Perl code explaination help needed!

Discussion in 'Perl Misc' started by keepyourstupidspam@yahoo.co.uk, May 4, 2007.

  1. Guest

    Hi,

    Can someone explain to me what this line of perl is doing.

    /(\S*)\.C$/;


    it is used in this function


    @list = `ls *.C`;

    foreach (@list) {
    chop;
    /(\S*)\.C$/;
    rename("$1.C", "$1.cc") || die "Can't rename $1 !\n";


    Thank you.
    EM
    , May 4, 2007
    #1
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  2. Henry Law Guest

    wrote:
    > Can someone explain to me what this line of perl is doing.
    >
    > /(\S*)\.C$/;


    > @list = `ls *.C`;
    >
    > foreach (@list) {
    > chop;
    > /(\S*)\.C$/;
    > rename("$1.C", "$1.cc") || die "Can't rename $1 !\n";


    This is the kind of Perl code that exploits the defaults; it can be
    confusing to read, because it doesn't look like "sentences" where you
    can see what was operated on by what and where the result went. The
    line you're querying is a match, operating on the default variable $_
    (which is set to each element of @list as, once again, the default in
    "foreach"). So it's the same as

    $_ =~ m/(\S*)\.C$/;

    .... in other words it extracts a non-whitespace string from the front of
    a filename like "foo.C" and sets $1 to whatever that string was - "foo"
    in this case.


    --

    Henry Law Manchester, England
    Henry Law, May 4, 2007
    #2
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  3. On 4 May 2007 08:11:31 -0700, wrote:

    >Can someone explain to me what this line of perl is doing.
    >
    >/(\S*)\.C$/;


    Match a sequence of zero or more non-space charachters followed by a
    literal dot followed by a C at the end of the string or just before a
    newline at the end of the string.

    >it is used in this function
    >
    >
    >@list = `ls *.C`;


    Get the output of the ls shell command. Probably just a clumsy and non
    portable way to do

    my @list = glob '*.C';

    or roll your own readdir(), etc.

    >foreach (@list) {
    > chop;


    Old way to do chomp(); anyway, intended to remove a newline at the end
    of a string.

    > /(\S*)\.C$/;


    Ditto as above.

    > rename("$1.C", "$1.cc") || die "Can't rename $1 !\n";


    Change the extension of the file from .C to .cc, and -globally- a
    horrible and error-prone way to do so.

    Personally, I would do

    for (glob '*.C') {
    my ($new=$_) =~ s/C$/cc/;
    rename $_ => $new or
    die "Can't rename `$_' to `$new': $!\n";
    }


    Michele
    --
    {$_=pack'B8'x25,unpack'A8'x32,$a^=sub{pop^pop}->(map substr
    (($a||=join'',map--$|x$_,(unpack'w',unpack'u','G^<R<Y]*YB='
    ..'KYU;*EVH[.FHF2W+#"\Z*5TI/ER<Z`S(G.DZZ9OX0Z')=~/./g)x2,$_,
    256),7,249);s/[^\w,]/ /g;$ \=/^J/?$/:"\r";print,redo}#JAPH,
    Michele Dondi, May 4, 2007
    #3
  4. On Fri, 04 May 2007 16:30:21 +0100, Henry Law <>
    wrote:

    >> @list = `ls *.C`;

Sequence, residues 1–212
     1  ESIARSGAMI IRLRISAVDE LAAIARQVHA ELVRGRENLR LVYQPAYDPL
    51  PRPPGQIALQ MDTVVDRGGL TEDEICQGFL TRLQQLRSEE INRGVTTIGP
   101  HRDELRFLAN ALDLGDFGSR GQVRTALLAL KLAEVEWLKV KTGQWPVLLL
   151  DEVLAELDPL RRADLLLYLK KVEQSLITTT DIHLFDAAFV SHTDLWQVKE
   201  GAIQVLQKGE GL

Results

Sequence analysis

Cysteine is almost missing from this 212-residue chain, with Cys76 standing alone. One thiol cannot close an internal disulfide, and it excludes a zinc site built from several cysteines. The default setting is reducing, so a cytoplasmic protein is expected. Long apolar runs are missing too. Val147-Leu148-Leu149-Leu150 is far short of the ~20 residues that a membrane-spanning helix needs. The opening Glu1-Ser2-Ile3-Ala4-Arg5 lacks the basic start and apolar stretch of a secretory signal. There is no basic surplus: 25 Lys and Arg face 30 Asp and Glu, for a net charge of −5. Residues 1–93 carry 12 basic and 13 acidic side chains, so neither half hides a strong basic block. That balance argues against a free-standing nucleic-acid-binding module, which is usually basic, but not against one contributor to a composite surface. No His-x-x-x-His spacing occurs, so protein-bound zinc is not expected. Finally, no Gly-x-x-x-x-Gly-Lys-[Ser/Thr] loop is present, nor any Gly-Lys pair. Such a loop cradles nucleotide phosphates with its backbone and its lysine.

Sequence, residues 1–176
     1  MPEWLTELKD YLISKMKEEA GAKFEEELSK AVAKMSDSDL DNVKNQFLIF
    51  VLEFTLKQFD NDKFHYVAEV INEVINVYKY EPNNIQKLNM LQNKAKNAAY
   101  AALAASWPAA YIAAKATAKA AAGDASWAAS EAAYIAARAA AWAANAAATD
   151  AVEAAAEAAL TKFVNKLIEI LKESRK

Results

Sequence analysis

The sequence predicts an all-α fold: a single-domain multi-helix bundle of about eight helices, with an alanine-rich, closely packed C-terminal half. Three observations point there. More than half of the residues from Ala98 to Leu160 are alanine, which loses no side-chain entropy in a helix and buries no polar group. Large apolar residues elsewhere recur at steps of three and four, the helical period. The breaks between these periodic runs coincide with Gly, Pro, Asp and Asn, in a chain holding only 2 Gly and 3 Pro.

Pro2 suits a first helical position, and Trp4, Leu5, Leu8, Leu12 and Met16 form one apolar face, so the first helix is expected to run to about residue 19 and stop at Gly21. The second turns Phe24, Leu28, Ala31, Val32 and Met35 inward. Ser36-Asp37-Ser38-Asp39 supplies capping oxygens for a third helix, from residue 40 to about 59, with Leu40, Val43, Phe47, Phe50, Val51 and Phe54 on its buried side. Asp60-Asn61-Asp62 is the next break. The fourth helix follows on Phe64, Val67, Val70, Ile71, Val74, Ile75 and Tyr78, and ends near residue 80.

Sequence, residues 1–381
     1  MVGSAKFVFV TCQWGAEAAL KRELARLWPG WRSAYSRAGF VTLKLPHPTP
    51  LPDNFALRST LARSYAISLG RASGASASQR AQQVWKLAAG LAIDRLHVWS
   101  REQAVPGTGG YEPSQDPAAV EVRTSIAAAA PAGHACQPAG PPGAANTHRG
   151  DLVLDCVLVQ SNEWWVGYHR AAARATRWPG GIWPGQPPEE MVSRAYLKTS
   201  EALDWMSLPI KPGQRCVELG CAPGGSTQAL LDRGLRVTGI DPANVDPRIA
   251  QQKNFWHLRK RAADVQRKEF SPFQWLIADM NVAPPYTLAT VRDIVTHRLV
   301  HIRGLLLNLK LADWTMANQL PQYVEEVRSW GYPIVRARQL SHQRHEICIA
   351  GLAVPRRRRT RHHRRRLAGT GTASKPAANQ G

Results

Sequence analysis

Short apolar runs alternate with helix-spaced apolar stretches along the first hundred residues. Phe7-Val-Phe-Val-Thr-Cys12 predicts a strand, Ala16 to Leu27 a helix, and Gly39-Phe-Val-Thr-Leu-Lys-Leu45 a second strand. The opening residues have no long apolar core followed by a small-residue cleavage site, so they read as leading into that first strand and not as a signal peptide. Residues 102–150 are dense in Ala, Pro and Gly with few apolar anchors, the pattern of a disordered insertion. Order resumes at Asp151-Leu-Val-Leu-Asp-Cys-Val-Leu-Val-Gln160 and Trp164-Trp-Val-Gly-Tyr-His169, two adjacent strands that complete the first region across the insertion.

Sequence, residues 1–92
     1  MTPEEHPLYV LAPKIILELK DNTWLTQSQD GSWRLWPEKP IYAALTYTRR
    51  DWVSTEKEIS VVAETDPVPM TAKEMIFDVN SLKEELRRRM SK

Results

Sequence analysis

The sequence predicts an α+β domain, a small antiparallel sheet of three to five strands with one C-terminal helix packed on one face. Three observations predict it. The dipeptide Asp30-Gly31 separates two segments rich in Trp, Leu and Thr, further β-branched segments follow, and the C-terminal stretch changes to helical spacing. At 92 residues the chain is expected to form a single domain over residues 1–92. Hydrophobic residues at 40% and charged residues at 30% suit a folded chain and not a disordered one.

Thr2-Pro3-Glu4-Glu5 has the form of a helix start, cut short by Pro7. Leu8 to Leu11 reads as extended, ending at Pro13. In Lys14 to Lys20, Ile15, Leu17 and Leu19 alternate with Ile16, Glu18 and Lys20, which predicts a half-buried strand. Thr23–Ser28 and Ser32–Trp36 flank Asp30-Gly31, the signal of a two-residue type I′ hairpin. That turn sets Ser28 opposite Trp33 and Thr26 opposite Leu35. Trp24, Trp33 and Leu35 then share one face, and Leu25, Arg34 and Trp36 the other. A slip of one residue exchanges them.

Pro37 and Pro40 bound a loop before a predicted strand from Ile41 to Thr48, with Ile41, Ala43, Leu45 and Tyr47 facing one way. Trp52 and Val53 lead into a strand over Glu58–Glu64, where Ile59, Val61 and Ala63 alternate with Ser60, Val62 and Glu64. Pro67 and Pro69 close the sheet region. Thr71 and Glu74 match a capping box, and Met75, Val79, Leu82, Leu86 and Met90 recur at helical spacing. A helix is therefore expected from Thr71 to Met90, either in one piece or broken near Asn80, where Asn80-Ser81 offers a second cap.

>>
    >> foreach (@list) {
    >> chop;
    >> /(\S*)\.C$/;
    >> rename("$1.C", "$1.cc") || die "Can't rename $1 !\n";

    >
    >This is the kind of Perl code that exploits the defaults; it can be
    >confusing to read, because it doesn't look like "sentences" where you
    >can see what was operated on by what and where the result went. The


    This is the kind of Perl code that makes me want to puke, since it's
    clearly aimed at changing the extension of *.C filenames to .cc, but
    does so in an error prone way: what if some filename contains any
    space? (Ok, unlikely!) Not to mention the other quirks. All this has
    *nothing* to do with exploiting the defaults.


    Michele
    --
    {$_=pack'B8'x25,unpack'A8'x32,$a^=sub{pop^pop}->(map substr
    (($a||=join'',map--$|x$_,(unpack'w',unpack'u','G^<R<Y]*YB='
    ..'KYU;*EVH[.FHF2W+#"\Z*5TI/ER<Z`S(G.DZZ9OX0Z')=~/./g)x2,$_,
    256),7,249);s/[^\w,]/ /g;$ \=/^J/?$/:"\r";print,redo}#JAPH,
    Michele Dondi, May 4, 2007
    #4
  5. On Fri, 04 May 2007 18:37:18 +0200, Michele Dondi
    <> wrote:

    >Personally, I would do
    >
    > for (glob '*.C') {
    > my ($new=$_) =~ s/C$/cc/;
    > rename $_ => $new or
    > die "Can't rename `$_' to `$new': $!\n";
    > }


    Or, with a single statement, (which doesn't seem too much of a
    stretch, here)

    rename $_ => do { local $_=$_; s/C$/cc/; $_ }
    or die "Can't rename `$_': $!\n"
    for glob '*.C';


    Michele
    --
    {$_=pack'B8'x25,unpack'A8'x32,$a^=sub{pop^pop}->(map substr
    (($a||=join'',map--$|x$_,(unpack'w',unpack'u','G^<R<Y]*YB='
    ..'KYU;*EVH[.FHF2W+#"\Z*5TI/ER<Z`S(G.DZZ9OX0Z')=~/./g)x2,$_,
    256),7,249);s/[^\w,]/ /g;$ \=/^J/?$/:"\r";print,redo}#JAPH,
    Michele Dondi, May 4, 2007
    #5
  6. On May 4, 5:37 pm, Michele Dondi <> wrote:

    > my ($new=$_) =~ s/C$/cc/;


    You mean

    (my $new=$_) =~ s/C$/cc/;
    Brian McCauley, May 4, 2007
    #6
  7. On 4 May 2007 10:53:09 -0700, Brian McCauley <>
    wrote:

    >> my ($new=$_) =~ s/C$/cc/;

    >
    >You mean
    >
    > (my $new=$_) =~ s/C$/cc/;


    And what did I write? (... /me rereads better...) Yep, that's what I
    meant.


    Michele
    --
    {$_=pack'B8'x25,unpack'A8'x32,$a^=sub{pop^pop}->(map substr
    (($a||=join'',map--$|x$_,(unpack'w',unpack'u','G^<R<Y]*YB='
    ..'KYU;*EVH[.FHF2W+#"\Z*5TI/ER<Z`S(G.DZZ9OX0Z')=~/./g)x2,$_,
    256),7,249);s/[^\w,]/ /g;$ \=/^J/?$/:"\r";print,redo}#JAPH,
    Michele Dondi, May 4, 2007
    #7
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